The effect of a 'fast-track' unit on the performance of a cardiothoracic department.
OBJECTIVE: The objective of this study was to describe the impact of a 'fast-track' unit, combined with a computerised system for information collection and analysis, on the clinical practice and finance of a cardiothoracic department over the first 12 month period of its application. METHODS: Within 12 months, starting December 1996, 642 major cardiothoracic cases were performed at the Cardiothoracic Department, St Mary's Hospital, London, after the establishment of a 3-bed 'fast-track' unit, which was supported by a computerised system for admission planning and a pre-admission clinic. The main outcome measures were operating numbers, financial income, patient recovery and operative mortality. RESULTS: The 'fast-track' unit resulted in an increase of the operating numbers (11.3% increase in major cardiac cases) and income (38%), as compared with the year before. Some 525 patients out of 642 (81.8%) were scheduled for the 'fast-track' unit and 492 (93.7%) were successfully 'fast-tracked'. Coronary artery bypass grafting operations had the lowest 'fast-track' failure and mortality rates. Re-do operations and complex coronary procedures presented a high 'fast-track' failure rate of approximately 20-25%. Low cardiac output, postoperative bleeding and respiratory problems were the most frequent causes for 'fast-track' failure. CONCLUSIONS: The development of a 'fast-track' unit, supported by a computerised system for information collection and analysis and a pre-admission clinic, has resulted in a substantial improvement of operating numbers and financial income, without adversely affecting the clinical results. This task demanded close collaboration between a dedicated list manager and a designated member of the medical team. Patient selection with appropriate 'fast-track,' criteria may improve further the efficiency of 'fast-track' units in the future. (+info)
Therapeutic nursing or unblocking beds? A randomised controlled trial of a post-acute intermediate care unit.
OBJECTIVES: To compare post-acute intermediate care in an inpatient nurse-led unit with conventional post-acute care on general medical wards of an acute hospital and to examine the model of care in a nurse-led unit. DESIGN: Randomised controlled trial with six month follow up. SETTING: Urban teaching hospital and surrounding area, including nine community hospitals. PARTICIPANTS: 238 patients accepted for admission to nurse-led unit. INTERVENTIONS: Care in nurse-led unit or usual post-acute care. MAIN OUTCOME MEASURES: Patients' length of stay, functional status, subsequent move to more dependent living arrangement. RESULTS: Inpatient length of stay was significantly longer in the nurse-led unit than in general medical wards (14.3 days longer (95% confidence interval 7.8 to 20.7)), but this difference became non-significant when transfers to community hospitals were included in the measure of initial length of stay (4.5 days longer (-3.6 to 12.5)). No differences were observed in mortality, functional status, or living arrangements at any time. Patients in the nurse-led unit received significantly fewer minor medical investigations and, after controlling for length of stay, significantly fewer major reviews, tests, or drug changes. CONCLUSIONS: The nurse-led unit seemed to be a safe alternative to conventional management, but a full accounting of such units' place in the local continuum of care and the costs associated with acute hospitals managing post-acute patients is needed if nurse-led units are to become an effective part of the government's recent commitment to intermediate care. (+info)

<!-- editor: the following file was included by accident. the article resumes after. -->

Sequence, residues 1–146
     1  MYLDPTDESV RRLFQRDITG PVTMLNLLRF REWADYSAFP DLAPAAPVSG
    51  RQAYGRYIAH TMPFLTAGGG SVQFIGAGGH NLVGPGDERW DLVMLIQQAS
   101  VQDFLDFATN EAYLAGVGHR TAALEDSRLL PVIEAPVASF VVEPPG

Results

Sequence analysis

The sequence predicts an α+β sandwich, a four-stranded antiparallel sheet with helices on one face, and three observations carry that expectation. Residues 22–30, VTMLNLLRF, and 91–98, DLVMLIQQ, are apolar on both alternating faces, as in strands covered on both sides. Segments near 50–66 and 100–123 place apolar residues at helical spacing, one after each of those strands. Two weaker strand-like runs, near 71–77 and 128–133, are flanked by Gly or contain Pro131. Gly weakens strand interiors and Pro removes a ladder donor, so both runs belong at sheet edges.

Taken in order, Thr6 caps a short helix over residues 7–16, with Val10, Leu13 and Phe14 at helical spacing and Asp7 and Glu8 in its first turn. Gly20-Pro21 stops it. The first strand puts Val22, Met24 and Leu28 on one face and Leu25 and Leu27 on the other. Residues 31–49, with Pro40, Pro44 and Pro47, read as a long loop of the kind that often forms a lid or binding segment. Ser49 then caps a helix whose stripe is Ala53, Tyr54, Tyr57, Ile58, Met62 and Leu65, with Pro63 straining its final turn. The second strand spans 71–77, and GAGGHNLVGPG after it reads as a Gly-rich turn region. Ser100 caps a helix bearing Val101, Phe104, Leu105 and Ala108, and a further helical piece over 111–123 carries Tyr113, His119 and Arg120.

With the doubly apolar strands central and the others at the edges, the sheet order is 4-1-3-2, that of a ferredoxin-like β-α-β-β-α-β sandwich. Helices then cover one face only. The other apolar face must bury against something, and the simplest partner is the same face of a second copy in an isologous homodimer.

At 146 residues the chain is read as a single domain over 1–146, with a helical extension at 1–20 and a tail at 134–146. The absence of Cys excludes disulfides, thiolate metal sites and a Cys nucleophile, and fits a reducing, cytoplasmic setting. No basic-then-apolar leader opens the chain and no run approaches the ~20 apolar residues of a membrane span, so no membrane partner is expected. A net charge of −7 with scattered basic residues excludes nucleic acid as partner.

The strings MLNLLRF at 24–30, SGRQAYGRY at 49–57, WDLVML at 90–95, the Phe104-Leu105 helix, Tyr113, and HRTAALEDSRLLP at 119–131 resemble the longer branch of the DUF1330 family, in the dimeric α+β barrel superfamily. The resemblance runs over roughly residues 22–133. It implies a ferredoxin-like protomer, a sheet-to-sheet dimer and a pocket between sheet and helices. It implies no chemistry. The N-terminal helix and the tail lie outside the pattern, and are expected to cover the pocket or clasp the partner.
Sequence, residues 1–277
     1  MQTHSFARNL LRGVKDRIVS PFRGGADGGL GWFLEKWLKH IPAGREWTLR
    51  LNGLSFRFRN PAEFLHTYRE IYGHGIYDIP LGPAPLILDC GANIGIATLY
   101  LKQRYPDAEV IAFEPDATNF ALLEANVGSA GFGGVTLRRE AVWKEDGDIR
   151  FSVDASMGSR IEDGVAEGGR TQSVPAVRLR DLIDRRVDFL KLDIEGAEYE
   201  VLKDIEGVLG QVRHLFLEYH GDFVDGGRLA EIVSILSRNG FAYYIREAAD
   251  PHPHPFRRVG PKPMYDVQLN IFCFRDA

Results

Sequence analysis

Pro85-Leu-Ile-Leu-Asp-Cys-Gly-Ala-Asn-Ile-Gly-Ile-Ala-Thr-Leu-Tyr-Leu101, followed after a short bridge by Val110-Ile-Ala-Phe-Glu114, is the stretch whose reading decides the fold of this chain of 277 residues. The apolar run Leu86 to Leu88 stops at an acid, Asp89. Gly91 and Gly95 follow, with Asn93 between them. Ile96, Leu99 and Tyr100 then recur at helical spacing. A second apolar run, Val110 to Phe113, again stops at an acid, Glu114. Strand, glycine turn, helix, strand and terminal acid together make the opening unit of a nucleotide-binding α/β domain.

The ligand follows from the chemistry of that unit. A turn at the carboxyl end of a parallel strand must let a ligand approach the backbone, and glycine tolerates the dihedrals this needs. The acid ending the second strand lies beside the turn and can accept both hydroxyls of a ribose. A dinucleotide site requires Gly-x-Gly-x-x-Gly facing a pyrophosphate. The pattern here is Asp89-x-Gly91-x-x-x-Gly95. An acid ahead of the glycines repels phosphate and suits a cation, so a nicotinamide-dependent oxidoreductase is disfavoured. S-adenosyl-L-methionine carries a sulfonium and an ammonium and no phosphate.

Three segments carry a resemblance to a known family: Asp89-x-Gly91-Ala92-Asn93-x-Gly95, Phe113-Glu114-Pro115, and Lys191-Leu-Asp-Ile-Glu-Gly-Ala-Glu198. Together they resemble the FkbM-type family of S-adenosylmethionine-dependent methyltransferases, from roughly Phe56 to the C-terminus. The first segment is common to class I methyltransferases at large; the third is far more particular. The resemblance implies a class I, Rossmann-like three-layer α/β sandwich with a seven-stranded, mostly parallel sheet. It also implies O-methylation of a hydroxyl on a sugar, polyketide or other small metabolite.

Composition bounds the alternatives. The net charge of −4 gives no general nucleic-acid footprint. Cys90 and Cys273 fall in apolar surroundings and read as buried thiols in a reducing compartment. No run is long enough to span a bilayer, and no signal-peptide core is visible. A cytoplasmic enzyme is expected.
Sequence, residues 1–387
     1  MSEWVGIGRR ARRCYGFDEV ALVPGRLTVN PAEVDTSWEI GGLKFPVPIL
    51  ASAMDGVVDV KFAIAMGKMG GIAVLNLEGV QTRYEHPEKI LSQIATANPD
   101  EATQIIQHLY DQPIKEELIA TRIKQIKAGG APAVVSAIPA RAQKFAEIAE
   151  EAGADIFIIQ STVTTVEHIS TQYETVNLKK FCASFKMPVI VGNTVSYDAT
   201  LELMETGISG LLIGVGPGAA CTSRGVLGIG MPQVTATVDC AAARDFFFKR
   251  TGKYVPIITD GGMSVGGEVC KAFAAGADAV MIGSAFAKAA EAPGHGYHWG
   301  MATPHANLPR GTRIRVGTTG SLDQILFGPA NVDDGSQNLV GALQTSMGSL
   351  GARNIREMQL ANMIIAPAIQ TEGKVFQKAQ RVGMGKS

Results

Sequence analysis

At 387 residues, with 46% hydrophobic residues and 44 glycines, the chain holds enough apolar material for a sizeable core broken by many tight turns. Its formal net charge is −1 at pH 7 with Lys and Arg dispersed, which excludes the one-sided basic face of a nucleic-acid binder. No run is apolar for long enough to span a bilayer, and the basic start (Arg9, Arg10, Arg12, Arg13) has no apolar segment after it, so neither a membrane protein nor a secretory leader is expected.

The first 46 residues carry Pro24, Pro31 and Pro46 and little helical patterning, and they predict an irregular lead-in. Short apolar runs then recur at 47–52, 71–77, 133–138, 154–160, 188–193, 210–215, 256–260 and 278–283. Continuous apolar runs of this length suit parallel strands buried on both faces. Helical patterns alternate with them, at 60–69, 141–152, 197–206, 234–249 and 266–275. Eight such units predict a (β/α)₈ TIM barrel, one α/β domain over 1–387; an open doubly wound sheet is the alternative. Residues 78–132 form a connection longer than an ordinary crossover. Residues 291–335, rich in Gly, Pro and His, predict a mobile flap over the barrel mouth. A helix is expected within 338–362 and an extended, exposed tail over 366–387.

Urinary health in eldercare environments: an update from the NAFC.
The National Association For Continence elected to cancel its 2001 conference scheduled for October 2001 in Washington, DC in light of national events. Executive Director Nancy Muller has provided Ostomy/Wound Management with a synopsis of key issues, important considerations, and the syllabus. We are grateful for the opportunity to serve as a forum for this worthy organization. (+info)
Stroke unit care combined with early supported discharge: long-term follow-up of a randomized controlled trial.